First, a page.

While we’re on the subject of Islam, Ann Widdecombe bemoaned the fact that people seem to refrain from mocking Islam in favour of christianity, something she attributed either to the idea that christianity is somehow an “easy target”, or that people were fearful of retribution from the religion of peace (feel free to laugh at that paradox). While there may be a small amount of truth to the latter assertion it’s much more due to the simple fact that, culturally, we don’t really know much about Islam – we’ve grown up in a Western nation that is predominantly white and where muslims make up less than 4% of the overall population – christianity is what we know, what we’re used to. Comedians could tell jokes built around the tenets of the Qu’ran, but very few people would actually get them. Honestly, what do you really know about muslims that isn’t based on a dodgy stereotype? Thought so.

And why is it that when christians opine how people mock them instead of Islam for fear of getting their vital organs scattered over several postal districts they do so with a mournful sense of abject disappointment, as if everything would be alright if christians could wield similar weapons against blasphemers and infidels without the risk of attracting widespread condemnation? What is wrong with you, you fucking psychopaths? You don’t get to take the moral high-ground just because you’ve elected not to murder to pieces anyone who slags you off! How about instead of acting all superior for your general lack of retributive violence in the face of apostasy you start contemplating the notion that your faith should be able to withstand any attack if it’s strong enough. Or maybe that’s the point? Are you really so secure in your beliefs that you’re hurt by jokes?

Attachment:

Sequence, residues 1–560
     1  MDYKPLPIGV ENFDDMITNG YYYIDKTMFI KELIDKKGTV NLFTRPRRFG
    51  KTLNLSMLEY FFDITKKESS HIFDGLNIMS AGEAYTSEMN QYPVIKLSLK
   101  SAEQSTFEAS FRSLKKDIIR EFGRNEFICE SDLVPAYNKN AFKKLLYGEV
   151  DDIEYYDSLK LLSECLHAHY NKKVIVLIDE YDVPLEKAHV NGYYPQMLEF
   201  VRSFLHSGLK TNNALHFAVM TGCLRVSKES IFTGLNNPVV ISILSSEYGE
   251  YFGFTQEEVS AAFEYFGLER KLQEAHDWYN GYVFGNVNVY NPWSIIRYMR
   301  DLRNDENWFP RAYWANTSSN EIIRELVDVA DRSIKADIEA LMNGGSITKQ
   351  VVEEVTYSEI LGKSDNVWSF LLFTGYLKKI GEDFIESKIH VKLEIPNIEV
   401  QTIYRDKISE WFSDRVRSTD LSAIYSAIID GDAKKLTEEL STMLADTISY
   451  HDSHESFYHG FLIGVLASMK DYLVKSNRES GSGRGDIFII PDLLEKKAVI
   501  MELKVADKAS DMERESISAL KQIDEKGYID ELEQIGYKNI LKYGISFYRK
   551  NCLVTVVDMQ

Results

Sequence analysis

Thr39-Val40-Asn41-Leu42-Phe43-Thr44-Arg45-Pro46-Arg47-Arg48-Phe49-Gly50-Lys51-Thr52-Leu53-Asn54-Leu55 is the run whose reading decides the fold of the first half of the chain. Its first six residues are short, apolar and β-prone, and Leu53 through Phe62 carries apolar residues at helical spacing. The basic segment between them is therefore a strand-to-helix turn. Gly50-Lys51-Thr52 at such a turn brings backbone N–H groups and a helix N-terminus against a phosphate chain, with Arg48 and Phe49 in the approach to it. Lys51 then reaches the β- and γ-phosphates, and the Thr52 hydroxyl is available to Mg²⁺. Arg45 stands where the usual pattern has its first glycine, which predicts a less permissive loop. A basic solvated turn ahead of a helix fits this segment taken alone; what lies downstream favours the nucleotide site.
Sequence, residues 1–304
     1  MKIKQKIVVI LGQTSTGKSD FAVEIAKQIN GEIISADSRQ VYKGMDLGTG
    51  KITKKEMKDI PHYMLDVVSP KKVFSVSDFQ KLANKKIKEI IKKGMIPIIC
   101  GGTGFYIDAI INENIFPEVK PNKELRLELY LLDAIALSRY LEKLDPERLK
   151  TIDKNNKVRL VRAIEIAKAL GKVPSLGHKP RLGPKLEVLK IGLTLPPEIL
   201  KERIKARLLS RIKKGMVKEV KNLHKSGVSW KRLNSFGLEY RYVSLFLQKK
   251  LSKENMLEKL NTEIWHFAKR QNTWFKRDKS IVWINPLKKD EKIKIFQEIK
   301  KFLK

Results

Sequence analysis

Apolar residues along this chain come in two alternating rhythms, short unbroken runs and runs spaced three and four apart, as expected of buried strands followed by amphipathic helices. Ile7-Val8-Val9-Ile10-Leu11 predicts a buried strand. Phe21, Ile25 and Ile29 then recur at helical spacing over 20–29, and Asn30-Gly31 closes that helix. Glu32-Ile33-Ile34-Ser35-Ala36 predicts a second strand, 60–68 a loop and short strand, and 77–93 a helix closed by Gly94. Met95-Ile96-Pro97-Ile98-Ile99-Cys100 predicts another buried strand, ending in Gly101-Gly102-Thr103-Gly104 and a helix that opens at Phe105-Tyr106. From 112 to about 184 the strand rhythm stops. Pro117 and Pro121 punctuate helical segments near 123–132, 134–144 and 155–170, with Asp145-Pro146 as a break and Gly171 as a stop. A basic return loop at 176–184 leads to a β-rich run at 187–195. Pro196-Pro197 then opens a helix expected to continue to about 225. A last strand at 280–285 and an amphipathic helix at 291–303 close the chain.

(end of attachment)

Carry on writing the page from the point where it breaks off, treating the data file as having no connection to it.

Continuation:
It’s not unreasonable to suggest that the act of declaring something sacred is often an attempt by the believer to assure themselves of the veracity of their beliefs. Every joke at the expense of their faith is a sign that there’s someone out there who doesn’t respect it, doesn’t buy it, and that represents a serious problem to the believer; if their beliefs can be challenged, or even questioned, then it means that there is a weakness – a chink in faith’s armour that could enable a potentially fatal arrow to penetrate. The notion that some aspect of religious faith is sacred is, then, not just about protecting the idea (or those who profit from it) from any kind of scrutiny, but it’s also about protecting the adherent from reality; when you build your entire life upon an ideological foundation of ancient myths, false promises, and exaggerated claims, the idea that it could sink beneath your feet and drag you under must be positively terrifying.

And, on that note, we return to the positively terrifying Ann Widdecombe herself, a woman whose decision to convert to catholicism after the church of england agreed to permit the ordination of women priests must surely rank as among the most repugnant of hypocrisies (it’s okay for women like Widdecombe’s fellow conservative Margaret Thatcher to run the country but not preach nonsense from the pulpit, apparently). Why should it be considered offensive for me to challenge such blatantly misogynistic, homophobic, and racist belief systems when they themselves offend the very dignity of human beings throughout the world? Why should I respect institutions whose definitions of what is sacred are all about self-preservation instead of protecting the vulnerable? They’re not even consistent with their own morality, telling us on one hand that life is sacred yet on the other propagating lies about condoms and employing scare tactics to discourage their use, condemning tens of millions of Africans to a long slow death from HIV.

If you don’t want your beliefs ridiculed, don’t have ridiculous beliefs. If you don’t want your faith criticised, don’t use it to justify behaviour deserving of criticism. You don’t get to act all fucking wounded when beliefs you hold are called in to question because they’ve been used to oppress, subdue, abuse, marginalise, defraud, defile, defame, dehumanise, disenfranchise, despoil, deny, and destroy. We will criticise. We will mock. And there’s not a fucking thing you can do about it but sit down, shut up, and accept that we will hold you to account. You are not immune. You are not special. Being mocked is good for you. It reminds you that you’re just like the rest of us … flawed, and not above being brought down a peg or two. You need to be humbled every now and again …

You need to grow a fucking sense of humour …